Liverpool have returned to winning ways with a 2-0 victory over RB Leipzig, sending Jurgen Klopp‘s side through to the Champions League quarter-finals.
Liverpool 2-0 RB Leipzig (4-0 agg)
Champions League Last 16 Second Leg, Puskas Arena
March 10, 2021
Goals: Salah 70′ Mane 74′
New game, new pair
Eight Champions League games this season for Liverpool, eight central defensive duos.
It’s quite incredible that these new pairings have been required with such regularity, and at the start of the season if we’d suggested Klopp would line up with Nat Phillips and a loan signing in a European knockout game, questions would have been asked of our collective state of mind.
Individually, they both were quick in the challenge and strong in the air. On the ball, Phillips’ progression in particular was very evident.
As a pair, there’s still a tendency to drop off when the other doesn’t – Andy Robertson is guilty of this too in a mixed-up back four – but they supported and covered each other well on a few occasions and were both always available for the pass.
With Fabinho returning in style in midfield, have we found the pair which could provide a domestic rebuilding platform for the rest of this season?
Fab in the middle
It took all of about three minutes for Fabinho‘s presence at the heart of the team to be noticed, as he started putting a foot in to win small tackles, was in the right place to pick up loose passes and was always, always first to the second ball.
Gini has been phenomenal for us this term, for both availability and not dropping miles below his best level, but having the world’s finest No. 6 back in that actual position makes…well, the same difference as it will make having Virgil back.
Leipzig simply couldn’t get past him in the middle; even with lofted passes he seemed to have that sixth sense of where to be and how much to stretch to intercept.
Alisson‘s big save early on requires a nod of appreciation too – that’s the defensive diamond all putting in big performances.
Did we spy…creativity?!
Knock-on effect of Fabinho? Confidence at being away from Anfield? Confidence at being outside the Premier League? Appreciating the space left by Leipzig attacking? Or something else entirely?
Whatever the underlying reason – more probably a combination of multiple factors – there’s no denying that Liverpool actually created a whole host of scoring chances this time.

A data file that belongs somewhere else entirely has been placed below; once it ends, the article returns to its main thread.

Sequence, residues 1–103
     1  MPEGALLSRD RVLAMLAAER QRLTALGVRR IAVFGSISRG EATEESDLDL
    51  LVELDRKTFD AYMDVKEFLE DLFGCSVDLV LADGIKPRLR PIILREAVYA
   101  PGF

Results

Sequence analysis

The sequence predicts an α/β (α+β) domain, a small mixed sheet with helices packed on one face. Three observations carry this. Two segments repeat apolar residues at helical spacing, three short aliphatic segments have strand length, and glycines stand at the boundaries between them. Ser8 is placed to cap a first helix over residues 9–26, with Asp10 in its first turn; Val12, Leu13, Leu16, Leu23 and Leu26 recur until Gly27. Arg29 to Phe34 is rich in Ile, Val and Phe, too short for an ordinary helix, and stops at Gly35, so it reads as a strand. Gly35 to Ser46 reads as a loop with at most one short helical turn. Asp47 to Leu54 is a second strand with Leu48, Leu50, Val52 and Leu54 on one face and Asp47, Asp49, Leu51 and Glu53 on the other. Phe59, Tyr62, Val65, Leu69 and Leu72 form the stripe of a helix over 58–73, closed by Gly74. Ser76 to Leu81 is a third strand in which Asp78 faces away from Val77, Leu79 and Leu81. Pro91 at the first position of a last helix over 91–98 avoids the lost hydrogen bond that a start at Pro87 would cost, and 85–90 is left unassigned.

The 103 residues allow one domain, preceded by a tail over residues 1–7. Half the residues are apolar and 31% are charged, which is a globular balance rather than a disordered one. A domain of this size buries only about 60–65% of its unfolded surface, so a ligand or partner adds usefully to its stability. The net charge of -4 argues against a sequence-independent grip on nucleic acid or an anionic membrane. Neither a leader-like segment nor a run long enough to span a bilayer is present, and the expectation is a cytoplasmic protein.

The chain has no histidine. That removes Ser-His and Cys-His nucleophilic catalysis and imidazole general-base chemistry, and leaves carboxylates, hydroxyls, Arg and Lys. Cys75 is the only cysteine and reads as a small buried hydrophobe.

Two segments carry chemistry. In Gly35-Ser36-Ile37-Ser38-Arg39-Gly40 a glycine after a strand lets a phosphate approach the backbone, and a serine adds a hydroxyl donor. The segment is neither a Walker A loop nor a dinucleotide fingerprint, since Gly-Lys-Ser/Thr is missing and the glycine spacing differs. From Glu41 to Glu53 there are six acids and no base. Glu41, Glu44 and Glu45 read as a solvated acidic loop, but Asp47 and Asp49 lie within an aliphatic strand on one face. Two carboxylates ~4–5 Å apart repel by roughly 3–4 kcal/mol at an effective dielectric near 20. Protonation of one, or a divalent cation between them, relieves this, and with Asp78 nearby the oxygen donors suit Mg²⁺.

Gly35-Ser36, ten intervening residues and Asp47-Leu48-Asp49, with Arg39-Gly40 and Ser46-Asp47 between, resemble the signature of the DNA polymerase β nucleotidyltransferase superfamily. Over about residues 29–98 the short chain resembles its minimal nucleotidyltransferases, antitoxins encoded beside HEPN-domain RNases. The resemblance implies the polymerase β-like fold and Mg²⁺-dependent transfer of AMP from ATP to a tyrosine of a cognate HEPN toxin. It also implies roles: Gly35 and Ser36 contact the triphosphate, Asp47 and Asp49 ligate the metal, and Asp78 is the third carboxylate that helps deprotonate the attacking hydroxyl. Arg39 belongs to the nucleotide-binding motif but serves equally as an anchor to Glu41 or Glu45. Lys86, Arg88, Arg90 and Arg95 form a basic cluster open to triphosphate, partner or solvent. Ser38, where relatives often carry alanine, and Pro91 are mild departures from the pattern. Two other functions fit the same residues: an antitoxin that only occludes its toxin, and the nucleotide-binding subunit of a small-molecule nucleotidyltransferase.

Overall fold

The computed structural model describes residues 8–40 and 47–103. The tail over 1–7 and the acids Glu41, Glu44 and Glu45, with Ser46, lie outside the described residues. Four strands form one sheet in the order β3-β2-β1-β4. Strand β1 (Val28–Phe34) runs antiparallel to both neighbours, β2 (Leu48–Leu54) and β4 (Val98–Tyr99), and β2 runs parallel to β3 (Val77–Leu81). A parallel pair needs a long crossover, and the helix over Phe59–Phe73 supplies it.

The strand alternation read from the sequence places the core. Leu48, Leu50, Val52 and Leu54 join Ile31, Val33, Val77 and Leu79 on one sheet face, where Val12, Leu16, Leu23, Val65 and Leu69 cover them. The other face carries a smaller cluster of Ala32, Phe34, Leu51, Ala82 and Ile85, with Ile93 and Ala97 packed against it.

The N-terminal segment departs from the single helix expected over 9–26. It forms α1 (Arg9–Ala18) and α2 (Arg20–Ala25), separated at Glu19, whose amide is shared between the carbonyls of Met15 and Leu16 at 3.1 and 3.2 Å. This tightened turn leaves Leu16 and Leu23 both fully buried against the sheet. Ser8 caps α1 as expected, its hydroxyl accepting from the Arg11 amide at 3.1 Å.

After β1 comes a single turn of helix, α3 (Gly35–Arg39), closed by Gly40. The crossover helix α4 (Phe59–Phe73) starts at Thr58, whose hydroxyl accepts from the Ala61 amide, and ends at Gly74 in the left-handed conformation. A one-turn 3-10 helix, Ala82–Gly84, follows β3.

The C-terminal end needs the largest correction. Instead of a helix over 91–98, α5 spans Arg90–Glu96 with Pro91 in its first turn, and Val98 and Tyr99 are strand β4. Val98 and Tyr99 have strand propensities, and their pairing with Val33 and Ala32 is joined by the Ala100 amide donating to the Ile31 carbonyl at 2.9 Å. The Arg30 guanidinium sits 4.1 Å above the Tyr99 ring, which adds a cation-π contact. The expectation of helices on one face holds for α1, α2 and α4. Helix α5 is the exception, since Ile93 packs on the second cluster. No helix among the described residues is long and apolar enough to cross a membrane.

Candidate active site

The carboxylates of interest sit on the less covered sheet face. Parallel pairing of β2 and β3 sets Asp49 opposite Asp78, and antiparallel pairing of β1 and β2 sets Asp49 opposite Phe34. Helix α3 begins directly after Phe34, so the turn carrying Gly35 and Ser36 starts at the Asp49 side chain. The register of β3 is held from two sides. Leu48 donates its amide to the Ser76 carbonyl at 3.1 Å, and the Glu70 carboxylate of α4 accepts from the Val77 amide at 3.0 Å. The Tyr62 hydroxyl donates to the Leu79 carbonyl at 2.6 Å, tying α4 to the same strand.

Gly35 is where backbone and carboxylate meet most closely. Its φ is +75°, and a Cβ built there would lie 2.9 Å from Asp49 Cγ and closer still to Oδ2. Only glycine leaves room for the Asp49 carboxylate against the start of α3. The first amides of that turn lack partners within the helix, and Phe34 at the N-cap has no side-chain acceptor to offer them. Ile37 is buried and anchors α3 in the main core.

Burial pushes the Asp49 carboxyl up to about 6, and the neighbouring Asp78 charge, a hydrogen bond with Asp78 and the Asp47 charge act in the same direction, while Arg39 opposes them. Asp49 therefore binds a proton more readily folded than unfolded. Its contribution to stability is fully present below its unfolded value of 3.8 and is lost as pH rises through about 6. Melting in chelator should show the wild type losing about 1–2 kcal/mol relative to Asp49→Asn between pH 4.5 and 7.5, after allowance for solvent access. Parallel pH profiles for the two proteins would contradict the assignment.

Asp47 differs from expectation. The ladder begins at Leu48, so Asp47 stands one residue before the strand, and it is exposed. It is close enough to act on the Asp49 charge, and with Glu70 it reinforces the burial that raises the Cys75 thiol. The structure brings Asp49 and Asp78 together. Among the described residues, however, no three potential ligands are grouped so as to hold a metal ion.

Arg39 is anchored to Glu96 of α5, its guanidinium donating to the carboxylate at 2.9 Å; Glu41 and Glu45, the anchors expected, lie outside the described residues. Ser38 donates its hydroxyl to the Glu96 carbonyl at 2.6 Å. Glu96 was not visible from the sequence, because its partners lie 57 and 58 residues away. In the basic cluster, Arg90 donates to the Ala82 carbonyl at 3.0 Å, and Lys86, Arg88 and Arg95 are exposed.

In half an hour, the tie should have been over: Jota, Mane, Thiago, Trent and Mo all had sights of goal, either saved or simply not taken. Jota again should have buried one right on the break.
And it was a mix of chance-types, too: set-pieces, counter-attacks, turnovers after high pressing and even just a couple of normal, open-play passes around the box to open space.
It has been missed so much domestically – and thank goodness we had, eventually, the end product to go with it.
Champions League chances
Porto, Dortmund, PSG and Liverpool – that’s half the last eight decided.
At this stage it would be foolish to both envisage success in Istanbul. It has been suggested that last time we won in that city, we had a worse side.
Fair, but in Carra and Sami we also had an established, experienced, rock-solid partnership at the back – with respect to Nat and Ozan, who were great this time out, there’s a big difference between going up against Alexander Sorloth and Erling Haaland. Or City’s revolving cast.
We’re in the last eight, which is further than the Reds went last season, so that’s a positive to take all by itself – and we’re there on merit.
Over the two legs, Liverpool could have won this tie about 8-3 with more clinical finishing at either end.
Even before worrying about the quarter-final draw, there’s a bigger issue at stake…
Wolves and a break
Could it possibly be that this has come at just the right time? If, if the Reds can follow up this victory with a win over Wolves, we’ve then got a three-week break.
That time would be much better spent in a more relaxed frame of mind having won back-to-back games than if our season was essentially over.
But just like beating Sheffield United didn’t make us ‘back’, nor does this victory – consistency was everything last year, and that’s what we must rediscover once more.
Wolves aren’t exactly in-form themselves, with three without a win recently, but we’ll still likely have to grind it out rather more than we did this evening against an expansive, attack-minded side who needed to go on the front foot anyway.
Baby steps, at this point, rather than getting carried away. But a win is a win and by Fowler we’ll take it – and look forward to the next round draw.